When someone asks you how you did at last weekends Stanford invitational, you tell them your time. Placing is unimportant.
When someone asks you how you did at last weekends National championship, you tell them your place. Time is unimportant.
Two different kinds of racing.
I was going to write a blog post about the wild tactics at play at nationals last weekend, but then came across a lenghty discussion about it on the Trackie.com message boards. So to sum it up, here’s both sides of the argument, and my short opinion on the matter. (Incase you missed it, context: The 1500m was won in 4:06 after crawling through the first 800m in 2:28. The winner, Thomas Riva, ran his last 400m in 52.0. I finished in 4th less than 1 second behind.)
Side 1: “Getting hung up on the time is like watching a chess match and getting worked up about how many moves it took to achieve checkmate”- ahutch.
I respect anything written by ahutch (Alex Hutchinson), appreciate whenever he takes the time to contribute to the forums, and completely agree with the analogy used here. When a championship title is on the line, the time is completely irrelevant. The difference in running 3:46, 3:56, or 4:06 is largely unimportant.
Side 2: “Seriously, what good does it do any of our guys trying to run a fast last lap off that slow of a pace? What race are you trying to prepare for with an effort like that?”- mattnormington
Matt, I appreciate and understand where you’re coming from with this mentality. Running fast times and improving on personal bests is, in essence, any track athletes main ambition. However, setting personal records, and championship racing are often mutually exclusive events, especially when you’re competing at a high level. In a championship race, my sole concern is running a tactically sound race to achieve the highest placing possible. Based on how I’m trained, what my strengths are, and the quality of the competition, I decided there was no benefit to me leading on that day.
What makes the 1500m so interesting is that, in general, the runner with the fastest PB will win the race, regardless of the finishing time. While there’s no way to prove this, I’d be willing to bet that with a few exceptions, the finishing order would have been extremely similar had the race been a fast one. While you might think that a race that tactical in nature might favor those with the fastest flat out 200m or 400m speeds, the results were essentially very similar to if you had just listed the competitors by season’s best time. Below are the athletes listed by season’s best, followed by how many spots different they were in the championship final.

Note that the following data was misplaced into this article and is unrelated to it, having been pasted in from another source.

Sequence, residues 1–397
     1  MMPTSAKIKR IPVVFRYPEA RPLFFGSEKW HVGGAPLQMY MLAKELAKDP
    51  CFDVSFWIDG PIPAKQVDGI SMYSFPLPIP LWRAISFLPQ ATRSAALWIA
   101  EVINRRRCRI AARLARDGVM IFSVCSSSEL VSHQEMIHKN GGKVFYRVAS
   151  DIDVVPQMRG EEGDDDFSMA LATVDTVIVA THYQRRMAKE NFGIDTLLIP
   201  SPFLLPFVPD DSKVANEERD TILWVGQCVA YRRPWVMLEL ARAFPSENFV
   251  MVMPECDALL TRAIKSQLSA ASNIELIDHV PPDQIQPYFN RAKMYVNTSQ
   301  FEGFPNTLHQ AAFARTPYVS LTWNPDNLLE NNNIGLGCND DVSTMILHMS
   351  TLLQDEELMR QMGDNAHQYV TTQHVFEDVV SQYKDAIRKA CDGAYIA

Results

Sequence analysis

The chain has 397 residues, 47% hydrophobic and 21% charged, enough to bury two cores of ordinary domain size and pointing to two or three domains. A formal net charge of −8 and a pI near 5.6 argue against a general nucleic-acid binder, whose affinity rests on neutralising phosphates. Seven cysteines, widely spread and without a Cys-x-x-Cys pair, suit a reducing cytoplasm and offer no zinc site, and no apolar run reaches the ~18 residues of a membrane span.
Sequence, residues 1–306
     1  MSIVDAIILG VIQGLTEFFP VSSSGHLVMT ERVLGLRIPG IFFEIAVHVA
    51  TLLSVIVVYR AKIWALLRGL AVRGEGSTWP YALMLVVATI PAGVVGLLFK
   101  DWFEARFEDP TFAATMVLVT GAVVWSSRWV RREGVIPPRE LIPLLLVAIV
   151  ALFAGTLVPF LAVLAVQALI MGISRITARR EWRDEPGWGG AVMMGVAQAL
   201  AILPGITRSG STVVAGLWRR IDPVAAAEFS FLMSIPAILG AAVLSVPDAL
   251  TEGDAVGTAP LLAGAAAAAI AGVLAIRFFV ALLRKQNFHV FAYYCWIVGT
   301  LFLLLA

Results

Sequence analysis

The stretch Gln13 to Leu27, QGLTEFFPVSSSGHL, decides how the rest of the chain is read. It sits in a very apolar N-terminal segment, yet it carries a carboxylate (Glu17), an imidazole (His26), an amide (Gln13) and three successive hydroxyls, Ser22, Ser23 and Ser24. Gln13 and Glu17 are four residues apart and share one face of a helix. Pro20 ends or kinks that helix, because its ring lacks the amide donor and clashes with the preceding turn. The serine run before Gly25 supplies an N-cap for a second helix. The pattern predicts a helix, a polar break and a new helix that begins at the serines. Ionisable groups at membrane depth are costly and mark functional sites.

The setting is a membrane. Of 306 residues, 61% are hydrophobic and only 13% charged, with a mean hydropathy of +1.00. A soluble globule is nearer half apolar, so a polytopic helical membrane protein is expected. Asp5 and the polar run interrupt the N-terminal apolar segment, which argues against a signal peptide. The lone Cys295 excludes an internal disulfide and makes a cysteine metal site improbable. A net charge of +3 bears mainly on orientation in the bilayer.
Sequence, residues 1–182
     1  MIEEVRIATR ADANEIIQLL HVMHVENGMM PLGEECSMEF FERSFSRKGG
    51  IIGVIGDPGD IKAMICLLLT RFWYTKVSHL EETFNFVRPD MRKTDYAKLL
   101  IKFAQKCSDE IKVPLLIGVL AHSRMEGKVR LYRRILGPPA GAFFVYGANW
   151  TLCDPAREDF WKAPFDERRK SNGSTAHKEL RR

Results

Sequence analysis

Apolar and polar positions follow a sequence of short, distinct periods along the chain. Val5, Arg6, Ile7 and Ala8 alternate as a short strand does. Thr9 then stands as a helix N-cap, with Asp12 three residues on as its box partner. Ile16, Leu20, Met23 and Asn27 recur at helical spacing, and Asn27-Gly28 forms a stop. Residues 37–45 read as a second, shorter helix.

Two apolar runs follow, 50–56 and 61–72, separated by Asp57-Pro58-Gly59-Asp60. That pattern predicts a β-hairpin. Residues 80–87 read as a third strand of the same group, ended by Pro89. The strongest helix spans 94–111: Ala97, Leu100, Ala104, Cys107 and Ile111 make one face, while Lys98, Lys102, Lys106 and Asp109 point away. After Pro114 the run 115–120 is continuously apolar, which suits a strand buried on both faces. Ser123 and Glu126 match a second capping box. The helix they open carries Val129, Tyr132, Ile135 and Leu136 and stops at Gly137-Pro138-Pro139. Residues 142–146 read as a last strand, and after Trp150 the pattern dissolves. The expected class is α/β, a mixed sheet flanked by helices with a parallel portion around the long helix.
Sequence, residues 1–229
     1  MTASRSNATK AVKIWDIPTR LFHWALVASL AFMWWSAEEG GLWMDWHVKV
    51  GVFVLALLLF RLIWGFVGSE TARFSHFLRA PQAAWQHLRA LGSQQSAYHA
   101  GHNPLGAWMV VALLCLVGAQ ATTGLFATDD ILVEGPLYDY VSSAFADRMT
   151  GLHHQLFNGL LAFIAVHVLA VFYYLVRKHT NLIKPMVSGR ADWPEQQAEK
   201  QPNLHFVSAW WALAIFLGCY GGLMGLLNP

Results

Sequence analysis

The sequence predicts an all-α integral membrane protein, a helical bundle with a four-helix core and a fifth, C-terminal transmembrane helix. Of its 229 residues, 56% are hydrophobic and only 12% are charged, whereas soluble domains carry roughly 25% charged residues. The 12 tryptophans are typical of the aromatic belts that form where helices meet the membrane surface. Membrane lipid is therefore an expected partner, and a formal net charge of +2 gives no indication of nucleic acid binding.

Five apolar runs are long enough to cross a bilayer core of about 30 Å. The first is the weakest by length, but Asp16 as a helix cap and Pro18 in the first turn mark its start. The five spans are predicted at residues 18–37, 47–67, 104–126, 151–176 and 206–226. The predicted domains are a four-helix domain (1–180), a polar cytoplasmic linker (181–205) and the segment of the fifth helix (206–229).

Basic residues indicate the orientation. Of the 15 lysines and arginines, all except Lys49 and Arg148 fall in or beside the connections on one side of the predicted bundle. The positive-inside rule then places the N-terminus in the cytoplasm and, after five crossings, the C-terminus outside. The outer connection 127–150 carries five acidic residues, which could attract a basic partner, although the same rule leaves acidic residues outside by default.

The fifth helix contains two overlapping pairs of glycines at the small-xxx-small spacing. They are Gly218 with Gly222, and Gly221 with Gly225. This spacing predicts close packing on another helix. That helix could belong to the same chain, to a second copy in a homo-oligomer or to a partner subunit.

1. Brannen 3:37.6 +4
2. Chuck 3:38.3 0
3. Levins(i) 3:38 +3
4. Riva 3:39.4 -3
5. Rae 3:39.9 -1
6. Kent 3:41.0 +1
7. Gorman 3:41.95 -4
8. Darlington 3:42.53 -2
9. Falk 3:42.62 0
10. Wilkie 3:44.28 +1
11. Morin 3:45.40 -2
12. Lapointe 3:46.50 0
To me, this shows that the extreme tactical nature of the race might have only had an effect on 4/12 athletes in the field. Brannen and Levins suffered from the slow pace, while Riva and Gorman used it to their advantage. However, the greatest deviation was still only 4 spots, which to me doesn’t signify a huge anomaly in the results based on the slow overall time. In my opinion, positioning going into the bell lap has the greatest influence on outcome, regardless of low long it took the athletes to get to that point (Riva and Gorman were in an excellent position with 400m to go, Brannen was not. That leaves Levins as the only athlete who, in my opinion, was truly influenced by the slow start).
Anyways, I’m not too upset with the outcome. My goal was to sneak into the top 3, and I knew that to do so would require me beating someone very good in the likes of Brannen, CPT, or Levins (honestly, I hadn’t even considered Riva as a threat until we were still jogging at the 800m mark. At that point, I knew that someone who’s just as fast as me over 1500m, even faster over 800m, and in a better position with 400m to go, was going to have an advantage). Therefore, the end result (4th) was what I would call a “good but not great finish” on my part.
I’m still hungry and excited about what lies ahead this season. While in past years I would get to June and July exhausted after a lengthy NCAA season, I feel like I’m getting sharper and faster every week. I’m writing this while I’m on the train from Amsterdam to Leuven, Belgium, where i’ll be based for the next 4 weeks as I chase fast times.
My rough schedule for the next 4 weeks is as follows:
Kortrich 1500m July 11th
Liege 800m (maybe) July 15th
Heusden 1500m July 18th
Morton 3000m/mile July 24th
Ninove 1500m August 1st